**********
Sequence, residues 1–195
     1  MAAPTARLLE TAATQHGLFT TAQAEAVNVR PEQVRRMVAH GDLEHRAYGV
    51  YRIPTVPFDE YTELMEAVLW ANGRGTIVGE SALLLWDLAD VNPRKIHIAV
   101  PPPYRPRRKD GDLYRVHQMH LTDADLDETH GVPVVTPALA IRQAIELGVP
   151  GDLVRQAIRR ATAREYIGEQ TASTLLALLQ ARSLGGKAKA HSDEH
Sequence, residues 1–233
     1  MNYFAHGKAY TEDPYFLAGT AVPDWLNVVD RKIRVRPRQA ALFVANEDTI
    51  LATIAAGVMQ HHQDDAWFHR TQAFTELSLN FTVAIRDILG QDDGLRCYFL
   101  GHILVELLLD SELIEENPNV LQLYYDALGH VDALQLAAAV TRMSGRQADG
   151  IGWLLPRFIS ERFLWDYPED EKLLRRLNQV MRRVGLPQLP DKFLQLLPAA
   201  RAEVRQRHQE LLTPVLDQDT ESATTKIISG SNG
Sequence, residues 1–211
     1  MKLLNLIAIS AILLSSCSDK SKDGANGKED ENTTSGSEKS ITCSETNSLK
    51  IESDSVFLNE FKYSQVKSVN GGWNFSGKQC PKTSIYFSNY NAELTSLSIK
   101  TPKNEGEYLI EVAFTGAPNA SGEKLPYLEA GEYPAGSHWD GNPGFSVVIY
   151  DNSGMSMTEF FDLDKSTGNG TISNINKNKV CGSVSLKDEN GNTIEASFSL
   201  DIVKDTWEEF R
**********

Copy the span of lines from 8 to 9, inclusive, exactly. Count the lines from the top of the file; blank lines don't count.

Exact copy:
    51  LATIAAGVMQ HHQDDAWFHR TQAFTELSLN FTVAIRDILG QDDGLRCYFL
   101  GHILVELLLD SELIEENPNV LQLYYDALGH VDALQLAAAV TRMSGRQADG